This was a tragedy of errors -- on all sides. It was a (marginal) error of target identification -- I say marginal because RPG's and AK47's were present at the scene -- and a few blocks over there was direct contact with insurgent forces. It was an error of communication -- the Reuters employees followed the story, but informed none of the combatants as to where they were going, the result being the ground commander clearing the Apaches to engage, since he knew of no elements of his forces (or non-combatants) in the region they were patrolling. It was a horrific accident, the kind that unfortunately comes with war.

This does not excuse it, nor does it clear those involved, but I wonder how this situation could have unfolded differently. It boils down to scared pilots, unclear targets, intense combat, and a 3"x3" targeting screen in a moving helicopter in a danger zone. War's fog and friction create this situations, which is why War cannot be without unintended consequences -- and why it must be undertaken as the last possible resort for any nation. I see nothing but the victims of War in this video. The victims of a 30mil chain gun, and the living victims who must now live with the deaths of children and civilians, deaths they were responsible for.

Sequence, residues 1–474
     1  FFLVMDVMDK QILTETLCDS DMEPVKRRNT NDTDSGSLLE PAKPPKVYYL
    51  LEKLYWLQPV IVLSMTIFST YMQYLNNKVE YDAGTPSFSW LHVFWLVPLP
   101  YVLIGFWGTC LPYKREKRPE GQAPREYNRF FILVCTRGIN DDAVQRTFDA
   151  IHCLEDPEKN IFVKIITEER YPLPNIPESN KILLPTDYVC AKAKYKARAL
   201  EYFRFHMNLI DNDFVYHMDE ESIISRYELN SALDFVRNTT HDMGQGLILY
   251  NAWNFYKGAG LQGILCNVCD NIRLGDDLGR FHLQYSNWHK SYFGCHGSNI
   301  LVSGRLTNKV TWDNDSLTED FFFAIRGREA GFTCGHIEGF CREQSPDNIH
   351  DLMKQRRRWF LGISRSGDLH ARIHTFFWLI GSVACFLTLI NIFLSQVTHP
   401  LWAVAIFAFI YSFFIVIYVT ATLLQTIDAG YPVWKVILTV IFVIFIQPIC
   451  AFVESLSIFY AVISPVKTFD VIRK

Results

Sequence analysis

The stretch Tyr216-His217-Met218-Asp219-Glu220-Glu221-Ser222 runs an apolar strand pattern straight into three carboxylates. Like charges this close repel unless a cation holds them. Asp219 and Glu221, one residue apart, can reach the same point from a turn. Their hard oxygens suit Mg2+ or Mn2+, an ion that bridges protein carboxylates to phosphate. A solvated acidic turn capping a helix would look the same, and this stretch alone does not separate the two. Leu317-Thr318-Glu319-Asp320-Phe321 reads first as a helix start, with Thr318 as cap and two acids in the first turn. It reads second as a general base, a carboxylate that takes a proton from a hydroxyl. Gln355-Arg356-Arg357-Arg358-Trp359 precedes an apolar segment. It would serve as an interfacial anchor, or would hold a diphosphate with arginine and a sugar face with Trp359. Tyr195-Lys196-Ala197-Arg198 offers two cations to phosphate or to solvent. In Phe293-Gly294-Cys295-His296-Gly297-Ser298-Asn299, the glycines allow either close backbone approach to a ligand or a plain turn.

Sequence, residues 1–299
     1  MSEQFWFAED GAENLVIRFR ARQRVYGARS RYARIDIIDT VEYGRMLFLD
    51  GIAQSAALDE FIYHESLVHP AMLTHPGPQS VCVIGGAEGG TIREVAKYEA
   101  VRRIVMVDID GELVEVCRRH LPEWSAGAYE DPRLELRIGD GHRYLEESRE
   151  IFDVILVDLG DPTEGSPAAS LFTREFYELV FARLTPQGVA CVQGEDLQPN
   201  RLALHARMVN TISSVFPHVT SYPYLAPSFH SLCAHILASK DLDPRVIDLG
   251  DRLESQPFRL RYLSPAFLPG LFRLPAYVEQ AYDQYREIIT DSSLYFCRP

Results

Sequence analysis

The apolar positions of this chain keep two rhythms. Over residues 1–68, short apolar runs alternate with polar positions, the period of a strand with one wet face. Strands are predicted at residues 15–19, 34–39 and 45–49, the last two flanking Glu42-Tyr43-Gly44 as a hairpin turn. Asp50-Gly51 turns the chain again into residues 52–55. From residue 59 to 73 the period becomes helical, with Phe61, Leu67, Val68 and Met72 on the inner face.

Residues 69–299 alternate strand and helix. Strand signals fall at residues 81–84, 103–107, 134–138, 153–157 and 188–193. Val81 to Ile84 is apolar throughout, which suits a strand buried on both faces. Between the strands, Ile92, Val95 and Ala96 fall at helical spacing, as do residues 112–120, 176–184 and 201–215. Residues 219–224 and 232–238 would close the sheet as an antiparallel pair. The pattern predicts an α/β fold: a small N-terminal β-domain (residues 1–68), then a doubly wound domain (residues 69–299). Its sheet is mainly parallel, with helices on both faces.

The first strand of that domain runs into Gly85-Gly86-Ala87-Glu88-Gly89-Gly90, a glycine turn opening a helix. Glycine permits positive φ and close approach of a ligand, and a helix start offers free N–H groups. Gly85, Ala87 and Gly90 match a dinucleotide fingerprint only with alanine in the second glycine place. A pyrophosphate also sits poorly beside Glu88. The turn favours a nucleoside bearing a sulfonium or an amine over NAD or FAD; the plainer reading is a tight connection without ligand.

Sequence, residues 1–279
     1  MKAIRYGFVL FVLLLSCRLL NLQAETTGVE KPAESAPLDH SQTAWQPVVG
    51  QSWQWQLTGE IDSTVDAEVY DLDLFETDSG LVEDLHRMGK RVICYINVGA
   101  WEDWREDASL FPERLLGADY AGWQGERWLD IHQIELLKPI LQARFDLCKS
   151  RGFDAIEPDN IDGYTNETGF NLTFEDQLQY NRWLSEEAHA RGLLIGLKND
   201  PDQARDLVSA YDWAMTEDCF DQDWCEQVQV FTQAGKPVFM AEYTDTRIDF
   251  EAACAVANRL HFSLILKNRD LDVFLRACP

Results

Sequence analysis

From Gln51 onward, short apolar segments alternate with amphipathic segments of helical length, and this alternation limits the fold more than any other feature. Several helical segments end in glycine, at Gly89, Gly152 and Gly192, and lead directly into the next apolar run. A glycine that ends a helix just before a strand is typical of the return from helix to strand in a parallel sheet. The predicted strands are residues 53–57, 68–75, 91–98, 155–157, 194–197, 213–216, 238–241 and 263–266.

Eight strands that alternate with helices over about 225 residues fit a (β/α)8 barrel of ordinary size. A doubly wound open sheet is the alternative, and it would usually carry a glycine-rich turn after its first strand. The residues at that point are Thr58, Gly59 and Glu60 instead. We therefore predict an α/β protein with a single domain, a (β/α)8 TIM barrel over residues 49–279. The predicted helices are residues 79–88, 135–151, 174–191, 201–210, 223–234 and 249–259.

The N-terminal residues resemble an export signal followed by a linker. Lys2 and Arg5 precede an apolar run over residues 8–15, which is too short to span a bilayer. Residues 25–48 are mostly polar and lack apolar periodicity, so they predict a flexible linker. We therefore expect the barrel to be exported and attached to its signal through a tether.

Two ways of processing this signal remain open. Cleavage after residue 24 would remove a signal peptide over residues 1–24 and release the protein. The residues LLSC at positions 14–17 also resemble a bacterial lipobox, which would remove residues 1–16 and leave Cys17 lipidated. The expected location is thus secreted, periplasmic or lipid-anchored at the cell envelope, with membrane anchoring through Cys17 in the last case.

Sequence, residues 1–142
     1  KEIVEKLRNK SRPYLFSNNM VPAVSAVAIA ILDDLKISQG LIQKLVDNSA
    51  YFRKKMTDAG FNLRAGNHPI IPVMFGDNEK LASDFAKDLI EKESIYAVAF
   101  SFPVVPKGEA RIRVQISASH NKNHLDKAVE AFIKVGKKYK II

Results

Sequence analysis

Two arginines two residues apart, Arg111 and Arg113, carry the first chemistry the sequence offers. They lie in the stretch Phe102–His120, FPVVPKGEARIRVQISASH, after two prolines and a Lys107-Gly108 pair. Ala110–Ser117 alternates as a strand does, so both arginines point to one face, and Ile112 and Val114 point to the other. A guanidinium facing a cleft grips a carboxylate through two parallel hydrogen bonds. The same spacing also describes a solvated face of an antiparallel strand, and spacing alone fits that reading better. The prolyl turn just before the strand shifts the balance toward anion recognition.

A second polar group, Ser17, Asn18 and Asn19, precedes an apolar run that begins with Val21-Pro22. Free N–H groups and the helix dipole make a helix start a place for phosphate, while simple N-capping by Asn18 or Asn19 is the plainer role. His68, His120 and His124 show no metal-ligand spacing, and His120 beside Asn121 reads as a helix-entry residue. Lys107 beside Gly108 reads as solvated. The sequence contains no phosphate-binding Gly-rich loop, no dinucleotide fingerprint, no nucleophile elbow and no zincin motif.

Jeff Schneider said...

Also, I want to apologize for the horrendous typos in my comment above. It's late, and I'm going to bed.

Drew said...